Raccoons are a familiar sight just about everywhere, because they will eat just about anything. These bandit-masked ubiquitous mammals are found in forests, marshes, prairies, and even in cities. They are adaptable and use their dexterous front paws and long fingers to find and feast on a wide variety of food.
In the natural world, raccoons snare a lot of their meals in the water. They use their lightning-quick paws to grab crayfish, frogs, and other aquatic creatures. On land, they pluck mice and insects from their hiding places and raid nests for tasty eggs.
Raccoons also eat fruit and plants—including those grown in human gardens and farms. They will even open garbage cans to dine on the contents and seem to enjoy doing so.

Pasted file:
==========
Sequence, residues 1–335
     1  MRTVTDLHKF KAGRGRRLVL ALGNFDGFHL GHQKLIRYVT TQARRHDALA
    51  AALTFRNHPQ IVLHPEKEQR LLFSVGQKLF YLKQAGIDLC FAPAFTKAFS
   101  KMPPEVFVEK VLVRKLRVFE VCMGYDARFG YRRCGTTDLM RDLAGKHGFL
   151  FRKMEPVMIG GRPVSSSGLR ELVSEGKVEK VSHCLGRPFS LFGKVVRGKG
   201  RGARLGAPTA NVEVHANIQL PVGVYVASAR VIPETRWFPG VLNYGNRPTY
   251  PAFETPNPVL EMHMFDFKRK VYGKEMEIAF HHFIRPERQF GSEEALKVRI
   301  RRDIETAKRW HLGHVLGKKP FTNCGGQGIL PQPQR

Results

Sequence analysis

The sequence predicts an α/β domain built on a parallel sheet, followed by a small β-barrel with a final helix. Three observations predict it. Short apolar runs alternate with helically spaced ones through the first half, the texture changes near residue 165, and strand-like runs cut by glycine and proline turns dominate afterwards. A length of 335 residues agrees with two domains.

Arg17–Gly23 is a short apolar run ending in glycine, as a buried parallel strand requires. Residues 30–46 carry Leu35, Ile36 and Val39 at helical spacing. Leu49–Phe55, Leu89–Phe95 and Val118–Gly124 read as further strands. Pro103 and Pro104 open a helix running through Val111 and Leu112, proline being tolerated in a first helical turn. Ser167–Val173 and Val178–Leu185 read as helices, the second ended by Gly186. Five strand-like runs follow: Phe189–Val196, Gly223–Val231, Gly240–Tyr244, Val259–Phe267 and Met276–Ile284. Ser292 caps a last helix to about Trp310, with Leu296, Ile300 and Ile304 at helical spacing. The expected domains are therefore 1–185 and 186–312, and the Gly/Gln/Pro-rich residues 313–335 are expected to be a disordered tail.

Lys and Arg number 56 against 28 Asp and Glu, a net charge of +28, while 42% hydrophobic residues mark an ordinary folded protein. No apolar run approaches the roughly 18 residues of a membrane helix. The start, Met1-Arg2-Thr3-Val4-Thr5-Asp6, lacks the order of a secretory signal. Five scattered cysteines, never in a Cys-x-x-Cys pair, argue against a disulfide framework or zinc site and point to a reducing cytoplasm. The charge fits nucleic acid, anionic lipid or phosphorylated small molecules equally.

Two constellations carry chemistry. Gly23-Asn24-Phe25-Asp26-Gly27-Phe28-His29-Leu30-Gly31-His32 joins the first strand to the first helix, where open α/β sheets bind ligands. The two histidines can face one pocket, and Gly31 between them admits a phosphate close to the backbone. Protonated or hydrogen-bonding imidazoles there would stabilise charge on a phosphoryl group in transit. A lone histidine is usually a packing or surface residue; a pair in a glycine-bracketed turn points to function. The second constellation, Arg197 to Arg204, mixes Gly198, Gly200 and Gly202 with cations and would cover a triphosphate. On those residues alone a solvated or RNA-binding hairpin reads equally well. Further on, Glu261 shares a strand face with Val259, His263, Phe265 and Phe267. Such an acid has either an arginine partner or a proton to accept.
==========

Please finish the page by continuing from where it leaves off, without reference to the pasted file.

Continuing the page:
These ring-tailed animals can inhabit a tree hole, fallen log, or even house’s attic. Females have one to seven cubs in early summer.
Raccoons in the northern parts of their range gorge themselves in spring and summer to store up body fat. They then spend much of the winter asleep in a den.